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Windarling, WA

Bungwalbin, WA

Kalgoorlie, WA

Crown branches

Natural populations

Woodlands of E. salmonophloia are renowned for their attractive appearance and are endemic to the Avon Wheatbelt and Coolgardie regions of south west Western Australia [1,3]. Most western occurrences are in remnant vegetation, extending from the York and Northam areas, south to the Jerramungup area. Eastern occurrences less disturbed and extend as far east as Cundeelee east of Kalgoorlie, north to the Mt Gibson area and south to Salmon Gums. Eucalyptus salmonophloia is easily the tallest tree across its distribution. It may attain up to 30 m in height in areas where mean the mean annual rainfall may be as low as 250 mm. Its habitat is mainly along broad diffuse valleys, usually on alkaline loams.

Flowering and seeds

Eucalyptus salmonophloia flowers during summer [1,3]. Seed capsules usually persist on trees until at least the following summer. There are about 600 viable seeds per gram; seeds start to germinate in about 10 days if grown at 15-20°C with no pretreatment required [3].

Cultivation and uses

This species has potential for the remediation of sites with alkaline, loamy soils but is considered a relatively slow growing, shallow-rooted species. It is best adapted to alkaline loams [4] and a semi-arid climate. Protection from browsing by animals is required for successful establishment [5]. In the past, the wood of this species was used in the mining industry as a source of timber and fuelwood. The heartwood is fine-textured, dense and reddish to dark red-brown and has considerable potential for use in high value furniture, flooring, panelling and craftwood [1,5]. Honey flow for apiculture is reported from December to March [6].

Key descriptors:
Climate parameters
Mean annual rainfall: 250-500 mm
Rainfall distribution pattern: uniform or winter
Mean annual temperature: 15-21 °C
Mean max. temperature of the hottest month: 30-36 °C
Mean min. temperature of the coldest month: 4-7 °C
Frosts (approx. no. per year): up to 20
Frost intensity: light to moderate (0 to -5°C)
Altitude: 150-400 metres
Tolerance of extremes in climate
Drought: known to be tolerant of protracted droughts
Fire: killed by damaging fire does not regenerate foliage
Frost: tolerates frosts in the 0° to -5°C range
Soil factors
Texture: clay loam, duplex texture contrast soils, light to medium clay (35-50% clay) or loam, sandy loam, sandy clay loam
Soil pH reaction: alkaline (greater than 7.5)
Soil depth: moderate to deep (30-100 cm or greater)
Drainage:  well-drained
Salinity: slightly to moderately saline or non-saline
Tolerance of adverse soils
Extremes in pH: alkalinity
Salinity: moderate (-8 dS m-1), nil - sensitive to saline soils or slight (2-4 dS m-1)
Soil waterlogging tolerance: nil - sensitive to waterlogged soils
Biological traits under cultivation
Habit: evergreen tree to 30 m tall, usually produces a clear trunk
Longevity: moderate to long lived (>15 years)
Growth rate: moderate or slow
Root system: shallow and spreading
Erosion control potential: excellent for clayey sites
Wood density: mod. to high (greater than 600 kg/cubic metre)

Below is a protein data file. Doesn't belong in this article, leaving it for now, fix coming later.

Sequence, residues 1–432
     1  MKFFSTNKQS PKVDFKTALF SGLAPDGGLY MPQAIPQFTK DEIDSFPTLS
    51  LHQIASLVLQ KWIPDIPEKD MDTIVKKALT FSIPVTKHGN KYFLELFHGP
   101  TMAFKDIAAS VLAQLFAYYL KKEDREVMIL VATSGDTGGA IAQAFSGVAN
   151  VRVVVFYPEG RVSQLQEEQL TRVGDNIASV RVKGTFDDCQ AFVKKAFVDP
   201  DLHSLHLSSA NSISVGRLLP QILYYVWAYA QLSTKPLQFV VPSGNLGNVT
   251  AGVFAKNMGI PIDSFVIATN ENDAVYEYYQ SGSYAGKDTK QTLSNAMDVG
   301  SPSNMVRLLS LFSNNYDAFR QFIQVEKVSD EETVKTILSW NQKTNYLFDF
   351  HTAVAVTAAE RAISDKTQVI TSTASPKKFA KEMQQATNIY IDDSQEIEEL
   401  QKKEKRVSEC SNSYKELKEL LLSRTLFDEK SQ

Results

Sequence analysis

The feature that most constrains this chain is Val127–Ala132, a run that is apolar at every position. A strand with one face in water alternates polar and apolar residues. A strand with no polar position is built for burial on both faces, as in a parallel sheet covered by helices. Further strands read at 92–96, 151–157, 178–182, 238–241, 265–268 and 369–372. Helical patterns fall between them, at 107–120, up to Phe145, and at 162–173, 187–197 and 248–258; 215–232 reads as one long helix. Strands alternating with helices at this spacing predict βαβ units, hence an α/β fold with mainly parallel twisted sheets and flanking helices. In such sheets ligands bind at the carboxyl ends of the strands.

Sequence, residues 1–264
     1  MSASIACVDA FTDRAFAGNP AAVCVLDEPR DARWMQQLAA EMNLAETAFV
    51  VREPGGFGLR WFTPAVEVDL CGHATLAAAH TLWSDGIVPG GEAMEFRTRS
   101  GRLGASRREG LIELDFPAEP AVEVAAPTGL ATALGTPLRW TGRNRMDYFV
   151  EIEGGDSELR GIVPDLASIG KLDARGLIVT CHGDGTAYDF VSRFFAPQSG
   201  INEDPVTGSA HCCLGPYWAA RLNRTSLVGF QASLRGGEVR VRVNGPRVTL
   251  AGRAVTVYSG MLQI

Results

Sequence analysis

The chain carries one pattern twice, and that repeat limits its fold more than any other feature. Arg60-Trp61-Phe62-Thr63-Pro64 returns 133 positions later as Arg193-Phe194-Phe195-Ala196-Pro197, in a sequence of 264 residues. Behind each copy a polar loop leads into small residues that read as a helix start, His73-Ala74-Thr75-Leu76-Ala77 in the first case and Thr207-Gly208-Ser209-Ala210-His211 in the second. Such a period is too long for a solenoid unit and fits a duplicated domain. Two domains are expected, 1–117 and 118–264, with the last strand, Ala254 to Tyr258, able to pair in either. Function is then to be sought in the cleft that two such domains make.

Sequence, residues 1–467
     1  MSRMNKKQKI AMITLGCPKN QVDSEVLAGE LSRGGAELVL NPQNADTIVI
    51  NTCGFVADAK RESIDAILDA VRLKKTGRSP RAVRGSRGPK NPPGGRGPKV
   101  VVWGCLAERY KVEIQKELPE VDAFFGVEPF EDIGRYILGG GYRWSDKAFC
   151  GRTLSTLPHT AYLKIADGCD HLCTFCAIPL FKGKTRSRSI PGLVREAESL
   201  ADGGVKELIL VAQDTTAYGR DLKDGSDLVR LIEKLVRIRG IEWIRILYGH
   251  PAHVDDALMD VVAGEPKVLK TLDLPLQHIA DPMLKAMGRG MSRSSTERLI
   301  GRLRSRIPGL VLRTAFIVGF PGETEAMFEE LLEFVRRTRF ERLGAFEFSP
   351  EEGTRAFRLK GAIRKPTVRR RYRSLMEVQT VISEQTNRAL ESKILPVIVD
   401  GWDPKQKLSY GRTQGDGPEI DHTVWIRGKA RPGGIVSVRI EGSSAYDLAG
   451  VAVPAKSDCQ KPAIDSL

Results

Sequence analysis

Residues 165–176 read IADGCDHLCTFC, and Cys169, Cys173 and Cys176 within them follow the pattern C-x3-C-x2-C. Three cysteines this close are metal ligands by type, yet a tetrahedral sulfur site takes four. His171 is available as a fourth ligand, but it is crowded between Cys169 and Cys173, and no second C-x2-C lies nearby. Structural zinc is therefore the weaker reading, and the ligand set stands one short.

Carbon sequestration potential: moderate to high
Uses
Potential farm use: good for fence posts, good ornamental attributes, shelterbelt or shade for stock
Specialty products: flowers produce nectar for honey production, pollen has value for apiculture
Urban use: good as an ornamental or amenity plant
Wildlife value: flowers are especially attractive to birds
Wood products: craftwood (for turnery etc.), flooring (including parquetry), heavy construction, high quality fuelwood, industrial charcoal, panelling, posts (including fencing), railway sleepers, speciality timber for quality furniture, speciality wood valued for musical instruments
Potentially undesirable attributes
Fire sensitivity: killed by severe fires (seeder)
Growth habit: shallow roots may outcompete adjacent plants
Susceptibility to disease or predation: susceptible to stem girdling by parrots
Foliage: highly susceptible to browsing by animals

References

[1] Boland DJ, Brooker MIH, Chippendale GM, Hall N, Hyland BPM, Johnson RD, Kleinig DA, McDonald MW, Turner JD (2006) Forest Trees of Australia. CSIRO Publishing, Collingwood.

[2] Slee AV, Connors J, Brooker MIH, Duffy SM, West JG (2006) EUCLID Eucalypts of Australia. Third Edition CD ROM Centre for Plant Biodiversity Research. CSIRO Publishing, Melbourne.

[3] Gunn BV (2001) Australian Tree Seed Centre Operations Manual. Internal Publication, CSIRO Australian Tree Seed Centre, ACT. [Online at http://www.ensisjv.com/Portals/0/atsc-opmanualcomplete.pdf  Accessed March 2008]

[4] McArthur MW (1991) 'Reference soils of south-western Australia.' Department of Agriculture, Western Australia on behalf of the Australian Society of Soil Science Incorporated (W.W. Branch).

[5] Emmott T (no date) Salmon Gum (Eucalyptus salmonophloia) use in Farm Forestry. Greening Australia (WA). Online at: http://live.greeningaustralia.org.au/NR/rdonlyres/60A18BA6-C52A-4E3F-A0D1-4138E007770F/183/SalmonGum.pdf Accessed March 2008.

[6] Chippendale GM (1973) Eucalypts of the Western Australian Goldfields (and the Adjacent Wheatbelt). (AGPS: Canberra).

Internet links

Geening Australia website: http://live.greeningaustralia.org.au/NR/rdonlyres/60A18BA6-C52A-4E3F-A0D1-4138E007770F/183/SalmonGum.pdf

Victorian Department of Primary Industry: http://www.dpi.vic.gov.au/ [Search site as several documents may relate to this species.]

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